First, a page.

The Greatest Politicians You’ve Never Heard Of
Ever read a great non-fiction book about someone you’d never heard of?
Neither had I until I picked up The Rivals during my research into California’s history for my up-coming historical fiction novel A Veil of Fog and Flames (the second in the Embracing the Elephant series.
What brought this book to my attention was the “Birth of California” in the title. What kept me riveted was the tale of two political pioneers, both from the same party (Democrats), but seldom of the same mind.
Both men arrived in the new territory of California in 1849 – just as the frenzy of the Gold Rush had begun. Both men left an indelible mark on the history of the place that was to become the State of California under their tutelage.
U.S. Senator William Gwin was born into power: a moneyed Southern gentleman who saw potential greatness in a California tied to the American South both economically and, if and when possible, physically with the advent of a transcontinental railroad that would come into the newly formed state from a southern route: through the Mojave Desert.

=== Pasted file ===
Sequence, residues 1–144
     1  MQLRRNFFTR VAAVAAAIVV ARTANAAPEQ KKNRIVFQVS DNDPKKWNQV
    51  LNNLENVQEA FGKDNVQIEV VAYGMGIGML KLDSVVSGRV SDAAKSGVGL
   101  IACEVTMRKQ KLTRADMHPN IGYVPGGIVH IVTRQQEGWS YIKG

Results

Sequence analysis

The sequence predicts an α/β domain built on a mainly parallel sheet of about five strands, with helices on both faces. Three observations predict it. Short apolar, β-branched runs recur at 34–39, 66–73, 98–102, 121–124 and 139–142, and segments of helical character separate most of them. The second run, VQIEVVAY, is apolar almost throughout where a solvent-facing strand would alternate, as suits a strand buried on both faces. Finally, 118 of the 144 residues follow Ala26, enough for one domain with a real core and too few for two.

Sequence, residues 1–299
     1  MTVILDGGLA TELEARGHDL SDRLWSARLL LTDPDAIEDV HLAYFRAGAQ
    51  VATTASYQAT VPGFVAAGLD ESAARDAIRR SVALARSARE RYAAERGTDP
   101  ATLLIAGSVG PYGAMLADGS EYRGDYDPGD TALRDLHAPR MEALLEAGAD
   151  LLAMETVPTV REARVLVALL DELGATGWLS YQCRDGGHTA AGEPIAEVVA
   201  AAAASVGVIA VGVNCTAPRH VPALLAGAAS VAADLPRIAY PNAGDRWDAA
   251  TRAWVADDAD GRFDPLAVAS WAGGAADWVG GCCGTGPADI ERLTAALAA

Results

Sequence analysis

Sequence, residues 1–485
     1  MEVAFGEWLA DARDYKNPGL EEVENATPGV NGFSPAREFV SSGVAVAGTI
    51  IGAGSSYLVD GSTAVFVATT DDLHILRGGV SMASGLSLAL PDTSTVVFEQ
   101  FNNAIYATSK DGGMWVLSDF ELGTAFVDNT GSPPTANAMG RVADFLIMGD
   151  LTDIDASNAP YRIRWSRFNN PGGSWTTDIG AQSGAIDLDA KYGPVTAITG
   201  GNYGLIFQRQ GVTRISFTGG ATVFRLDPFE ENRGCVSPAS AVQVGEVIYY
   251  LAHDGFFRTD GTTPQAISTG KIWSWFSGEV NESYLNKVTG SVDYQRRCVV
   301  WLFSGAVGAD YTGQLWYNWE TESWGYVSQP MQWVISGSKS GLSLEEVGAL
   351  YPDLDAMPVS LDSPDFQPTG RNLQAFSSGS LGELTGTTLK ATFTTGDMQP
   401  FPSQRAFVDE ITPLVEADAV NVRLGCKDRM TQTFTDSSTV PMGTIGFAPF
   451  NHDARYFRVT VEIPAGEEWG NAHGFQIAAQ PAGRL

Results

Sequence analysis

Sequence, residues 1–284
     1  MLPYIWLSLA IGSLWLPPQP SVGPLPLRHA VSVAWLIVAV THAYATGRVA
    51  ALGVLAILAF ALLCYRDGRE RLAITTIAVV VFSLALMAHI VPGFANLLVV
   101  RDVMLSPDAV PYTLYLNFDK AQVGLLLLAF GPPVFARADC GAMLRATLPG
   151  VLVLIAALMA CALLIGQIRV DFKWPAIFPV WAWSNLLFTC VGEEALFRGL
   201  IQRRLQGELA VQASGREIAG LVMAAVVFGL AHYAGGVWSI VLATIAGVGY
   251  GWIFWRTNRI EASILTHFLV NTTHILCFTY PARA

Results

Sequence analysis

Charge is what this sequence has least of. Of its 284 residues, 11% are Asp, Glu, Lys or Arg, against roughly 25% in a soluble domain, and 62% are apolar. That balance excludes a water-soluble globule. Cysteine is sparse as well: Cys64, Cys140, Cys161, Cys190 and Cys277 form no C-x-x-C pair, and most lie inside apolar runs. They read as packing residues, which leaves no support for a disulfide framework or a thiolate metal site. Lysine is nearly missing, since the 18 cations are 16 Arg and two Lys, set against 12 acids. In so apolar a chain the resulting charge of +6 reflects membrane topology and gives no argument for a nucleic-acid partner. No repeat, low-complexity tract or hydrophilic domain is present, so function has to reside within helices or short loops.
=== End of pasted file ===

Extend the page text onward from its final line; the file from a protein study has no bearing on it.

State Senator David Broderick was born on the hardened streets of New York: a former bartender, the son of an Irish stonemason, who saw California as an egalitarian mecca where working-class men could shrug off the yoke of the moneyed and powerful (who controlled the American political system) to grab their fair share of the American ideal.
Arthur Quinn’s The Rivals is the remarkable story of the fight for the very identity of California. Both Gwin and Broderick had the best interests of the new state in mind with all of their political machinations, but their view of what constituted “the best” often clashed with one another.
Well researched and well presented, Quinn brings these two little-known historic figures and the vibrant but flawed City of San Francisco of the early 1850s to life. It is one of the best history books I’ve had the pleasure to read.
Where once the nation drew its wealth and power from agriculture, the 1850s ushered in a modern era of technological advancements, entrepreneurship that resulted in overnight fortunes, and the advent of a truly global economy.
To experience early California was like looking into the future of America. Nowhere were modern mores and marvels more evident than in the early days of California’s Gold Rush. And Senators Broderick and Gwin were there to usher that future in.
The author receives NO remuneration for any sale of this book.